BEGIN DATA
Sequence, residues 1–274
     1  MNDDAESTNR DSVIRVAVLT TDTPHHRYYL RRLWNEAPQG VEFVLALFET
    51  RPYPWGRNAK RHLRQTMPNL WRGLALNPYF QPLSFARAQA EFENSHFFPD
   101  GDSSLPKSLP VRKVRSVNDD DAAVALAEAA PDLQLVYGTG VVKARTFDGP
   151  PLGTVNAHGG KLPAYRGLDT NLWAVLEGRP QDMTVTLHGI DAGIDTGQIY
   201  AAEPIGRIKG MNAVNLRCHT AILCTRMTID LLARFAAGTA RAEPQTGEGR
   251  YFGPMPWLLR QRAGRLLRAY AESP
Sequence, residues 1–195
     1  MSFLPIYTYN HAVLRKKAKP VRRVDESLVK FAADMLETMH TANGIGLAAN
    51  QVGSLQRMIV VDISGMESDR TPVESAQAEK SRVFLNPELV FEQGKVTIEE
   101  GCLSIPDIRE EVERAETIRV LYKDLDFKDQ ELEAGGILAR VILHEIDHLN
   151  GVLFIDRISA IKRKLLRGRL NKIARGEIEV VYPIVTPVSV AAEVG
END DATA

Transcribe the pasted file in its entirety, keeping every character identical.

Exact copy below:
Sequence, residues 1–274
     1  MNDDAESTNR DSVIRVAVLT TDTPHHRYYL RRLWNEAPQG VEFVLALFET
    51  RPYPWGRNAK RHLRQTMPNL WRGLALNPYF QPLSFARAQA EFENSHFFPD
   101  GDSSLPKSLP VRKVRSVNDD DAAVALAEAA PDLQLVYGTG VVKARTFDGP
   151  PLGTVNAHGG KLPAYRGLDT NLWAVLEGRP QDMTVTLHGI DAGIDTGQIY
   201  AAEPIGRIKG MNAVNLRCHT AILCTRMTID LLARFAAGTA RAEPQTGEGR
   251  YFGPMPWLLR QRAGRLLRAY AESP
Sequence, residues 1–195
     1  MSFLPIYTYN HAVLRKKAKP VRRVDESLVK FAADMLETMH TANGIGLAAN
    51  QVGSLQRMIV VDISGMESDR TPVESAQAEK SRVFLNPELV FEQGKVTIEE
   101  GCLSIPDIRE EVERAETIRV LYKDLDFKDQ ELEAGGILAR VILHEIDHLN
   151  GVLFIDRISA IKRKLLRGRL NKIARGEIEV VYPIVTPVSV AAEVG